X-ray flash imaging of laser-induced bubbles and shockwaves in water
Everyone is familiar with tiny gas bubbles gently rising up in sparkling water. But the bubbles that were created by intense focused lasers in this experiment were ten times smaller and contained water vapour at a pressure around a hundred thousand times higher.
Under these conditions, the bubble expands at supersonic speed and pushes a shockwave, consisting of a spherical shell of highly compressed water, ahead of itself.
Now a research team led by the University of Göttingen, together with scientists from DESY and European XFEL, has created such an event and then, with an innovative technique that they developed using holographic flash imaging and nanofocused X-ray laser pulses, captured data and images. The research was published in Nature Communications.
The team first created tiny bubbles with a radius of a few thousandths of a millimetre by focusing an infrared laser pulse in water to create "cavitation" (a phenomenon in which small vapour-filled cavities, i.e. bubbles, form in a liquid). The researchers observed the expanding bubble with synchronised but carefully controlled delayed X-ray pulses from European XFEL.
"In contrast to visible light, where refraction and scattering blur the image, X-ray imaging not only resolves the shape but also the density profile of the interior of both the bubble and the shockwave," explains Malte Vassholz, lead author from the University of Göttingen. "This enabled us to generate X-ray holograms of the tiny bubbles and record a large data stream with thousands of events which we then analyzed by a specially devised 'decoding algorithm' to obtain the density of the gas in the bubble and the shockwave around it."
Thanks to the well-controlled time delay between the seeding laser pulse that created the effect and the X-ray pulse that measured it, the team could then record a 'movie' of the process. "In total, we recorded about 20,000 events and analysed more than 3,000 bubbles," reports DESY lead author Johannes Hagemann. "For each bubble, the energy deposited in the water by the infrared laser was determined and the density and pressure in the resulting shock wave were calculated from the X-ray data. From this, the pressure can be plotted over time and as a function of the energy in the bubble."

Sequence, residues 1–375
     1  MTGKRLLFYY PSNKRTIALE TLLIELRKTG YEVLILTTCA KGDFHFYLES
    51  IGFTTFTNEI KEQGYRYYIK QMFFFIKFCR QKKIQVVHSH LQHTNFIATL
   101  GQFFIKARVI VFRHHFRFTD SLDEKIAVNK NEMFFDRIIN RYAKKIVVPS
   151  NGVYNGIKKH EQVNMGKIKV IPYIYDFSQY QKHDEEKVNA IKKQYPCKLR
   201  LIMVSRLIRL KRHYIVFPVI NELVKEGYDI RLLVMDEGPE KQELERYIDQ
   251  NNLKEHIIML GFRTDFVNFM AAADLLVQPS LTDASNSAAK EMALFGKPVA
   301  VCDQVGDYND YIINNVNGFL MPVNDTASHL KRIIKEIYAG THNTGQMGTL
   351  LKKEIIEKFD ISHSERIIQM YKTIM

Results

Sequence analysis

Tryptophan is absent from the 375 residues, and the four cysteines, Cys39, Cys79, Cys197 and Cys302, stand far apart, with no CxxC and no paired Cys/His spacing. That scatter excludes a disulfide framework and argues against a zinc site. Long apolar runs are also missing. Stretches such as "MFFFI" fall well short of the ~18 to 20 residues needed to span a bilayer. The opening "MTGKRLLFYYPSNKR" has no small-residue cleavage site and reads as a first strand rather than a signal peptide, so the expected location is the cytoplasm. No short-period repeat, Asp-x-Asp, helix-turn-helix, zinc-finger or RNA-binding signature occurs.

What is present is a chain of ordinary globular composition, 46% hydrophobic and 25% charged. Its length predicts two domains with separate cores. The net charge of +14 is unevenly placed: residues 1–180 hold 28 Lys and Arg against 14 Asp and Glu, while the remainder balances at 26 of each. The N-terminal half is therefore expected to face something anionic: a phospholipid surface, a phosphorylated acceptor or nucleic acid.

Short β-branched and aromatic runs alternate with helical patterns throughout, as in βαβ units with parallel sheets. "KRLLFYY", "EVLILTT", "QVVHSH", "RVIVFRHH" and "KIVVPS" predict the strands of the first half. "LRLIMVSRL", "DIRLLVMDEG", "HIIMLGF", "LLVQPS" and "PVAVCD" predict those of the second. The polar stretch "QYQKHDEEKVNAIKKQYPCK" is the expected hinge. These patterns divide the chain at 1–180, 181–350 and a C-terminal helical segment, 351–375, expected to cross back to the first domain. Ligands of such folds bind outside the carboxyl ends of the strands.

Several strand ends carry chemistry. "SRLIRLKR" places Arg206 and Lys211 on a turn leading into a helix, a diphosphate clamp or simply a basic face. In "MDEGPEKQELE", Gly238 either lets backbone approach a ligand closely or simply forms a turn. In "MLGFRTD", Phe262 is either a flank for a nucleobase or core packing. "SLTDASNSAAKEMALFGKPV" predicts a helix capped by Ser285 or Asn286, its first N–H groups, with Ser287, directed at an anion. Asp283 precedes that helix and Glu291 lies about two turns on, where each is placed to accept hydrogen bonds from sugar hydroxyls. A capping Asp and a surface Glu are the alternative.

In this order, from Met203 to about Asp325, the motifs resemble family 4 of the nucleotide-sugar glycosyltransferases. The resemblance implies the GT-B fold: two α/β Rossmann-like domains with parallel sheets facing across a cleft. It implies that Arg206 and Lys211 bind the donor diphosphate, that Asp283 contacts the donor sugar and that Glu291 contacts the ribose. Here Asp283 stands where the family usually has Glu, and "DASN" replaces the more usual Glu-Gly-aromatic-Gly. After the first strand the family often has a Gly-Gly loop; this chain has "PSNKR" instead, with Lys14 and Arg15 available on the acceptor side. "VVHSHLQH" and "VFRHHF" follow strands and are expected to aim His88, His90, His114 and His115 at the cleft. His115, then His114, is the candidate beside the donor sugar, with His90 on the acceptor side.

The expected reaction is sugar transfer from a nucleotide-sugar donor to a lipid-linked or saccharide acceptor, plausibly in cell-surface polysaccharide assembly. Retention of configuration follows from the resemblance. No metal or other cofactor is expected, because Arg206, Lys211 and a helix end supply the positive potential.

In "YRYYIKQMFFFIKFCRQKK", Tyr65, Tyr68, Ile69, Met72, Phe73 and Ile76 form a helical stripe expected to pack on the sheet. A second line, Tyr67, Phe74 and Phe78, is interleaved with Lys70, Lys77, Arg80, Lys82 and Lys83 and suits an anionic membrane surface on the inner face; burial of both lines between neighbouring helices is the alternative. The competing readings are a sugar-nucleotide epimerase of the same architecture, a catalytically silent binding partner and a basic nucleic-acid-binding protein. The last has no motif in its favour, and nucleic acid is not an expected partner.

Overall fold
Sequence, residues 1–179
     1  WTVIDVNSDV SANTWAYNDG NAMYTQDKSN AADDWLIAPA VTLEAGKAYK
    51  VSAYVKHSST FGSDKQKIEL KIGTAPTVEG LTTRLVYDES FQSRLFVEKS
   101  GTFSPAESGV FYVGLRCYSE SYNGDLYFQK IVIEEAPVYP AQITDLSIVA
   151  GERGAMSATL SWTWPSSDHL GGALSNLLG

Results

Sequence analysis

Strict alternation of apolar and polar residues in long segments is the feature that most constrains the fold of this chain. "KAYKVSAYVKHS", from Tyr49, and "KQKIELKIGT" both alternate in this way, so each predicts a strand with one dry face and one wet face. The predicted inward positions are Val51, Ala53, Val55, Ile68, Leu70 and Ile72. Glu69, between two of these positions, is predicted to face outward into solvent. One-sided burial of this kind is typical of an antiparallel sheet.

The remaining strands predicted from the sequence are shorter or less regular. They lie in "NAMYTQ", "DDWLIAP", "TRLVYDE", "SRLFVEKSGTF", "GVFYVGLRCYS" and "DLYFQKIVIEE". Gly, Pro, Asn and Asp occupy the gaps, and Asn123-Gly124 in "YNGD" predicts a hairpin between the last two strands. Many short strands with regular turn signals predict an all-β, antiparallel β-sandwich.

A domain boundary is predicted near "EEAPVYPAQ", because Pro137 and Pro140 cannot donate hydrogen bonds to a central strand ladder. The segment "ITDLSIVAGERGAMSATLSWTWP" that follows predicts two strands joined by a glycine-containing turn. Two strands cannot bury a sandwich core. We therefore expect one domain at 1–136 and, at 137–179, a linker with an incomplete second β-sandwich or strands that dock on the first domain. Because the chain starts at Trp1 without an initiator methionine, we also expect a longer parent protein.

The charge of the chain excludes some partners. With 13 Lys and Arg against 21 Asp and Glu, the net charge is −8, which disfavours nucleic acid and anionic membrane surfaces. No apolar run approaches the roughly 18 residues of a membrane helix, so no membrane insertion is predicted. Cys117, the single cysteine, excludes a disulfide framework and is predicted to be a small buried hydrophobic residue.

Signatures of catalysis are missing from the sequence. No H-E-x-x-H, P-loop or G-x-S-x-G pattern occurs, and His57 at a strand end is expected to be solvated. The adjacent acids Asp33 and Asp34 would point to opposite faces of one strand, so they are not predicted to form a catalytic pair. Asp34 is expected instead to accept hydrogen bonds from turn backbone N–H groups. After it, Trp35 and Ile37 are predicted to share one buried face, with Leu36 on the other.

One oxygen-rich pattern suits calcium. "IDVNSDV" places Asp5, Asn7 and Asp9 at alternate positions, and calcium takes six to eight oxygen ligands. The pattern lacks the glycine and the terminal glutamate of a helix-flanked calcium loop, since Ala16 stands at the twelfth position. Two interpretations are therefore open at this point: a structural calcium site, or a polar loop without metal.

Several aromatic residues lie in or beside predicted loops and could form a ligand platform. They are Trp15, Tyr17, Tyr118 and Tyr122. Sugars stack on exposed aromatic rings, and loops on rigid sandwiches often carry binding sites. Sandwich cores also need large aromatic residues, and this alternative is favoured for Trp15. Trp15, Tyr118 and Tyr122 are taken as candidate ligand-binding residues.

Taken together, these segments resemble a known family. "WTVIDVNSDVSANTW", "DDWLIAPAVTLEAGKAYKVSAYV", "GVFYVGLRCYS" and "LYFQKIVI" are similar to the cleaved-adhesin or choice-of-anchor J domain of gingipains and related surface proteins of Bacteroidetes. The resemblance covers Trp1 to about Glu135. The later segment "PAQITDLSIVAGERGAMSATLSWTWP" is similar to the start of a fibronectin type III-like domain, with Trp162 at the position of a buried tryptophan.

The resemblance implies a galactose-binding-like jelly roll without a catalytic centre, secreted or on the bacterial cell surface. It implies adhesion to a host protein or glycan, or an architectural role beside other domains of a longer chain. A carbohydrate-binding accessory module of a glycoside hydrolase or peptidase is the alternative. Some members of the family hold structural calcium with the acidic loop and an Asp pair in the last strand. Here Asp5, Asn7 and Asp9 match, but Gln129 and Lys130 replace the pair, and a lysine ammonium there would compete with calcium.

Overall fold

The results of his experiment will help other scientists develop better models of the behaviour of water at extreme conditions, as principal investigator Tim Salditt from the University of Göttingen explains: "Even though water is the most important liquid on Earth, there is still much to learn about this mysterious and elusive substance. Thanks to the unique properties of the X-ray laser radiation generated at the European XFEL, and our new single shot holography method, we can now observe what really goes on in vapour and liquid water under extreme conditions."
This research technique provides insights for processes relevant in other applications: "Cavitation can be an undesirable effect in fluids in pumps or propellers for instance, but it can be harnessed for use in laser processing of materials or to modify chemical reactions," explains co-author Robert Mettin, an expert researching cavitation for many years at the University of Göttingen. "In laser surgery, shockwaves and compressed gases in tiny bubbles are created intentionally in tissue, by laser pulses," adds Salditt. "In the future, such processes could be 'filmed' in detail, using the methodology which we have developed, at a microscopic level and at high temporal resolution."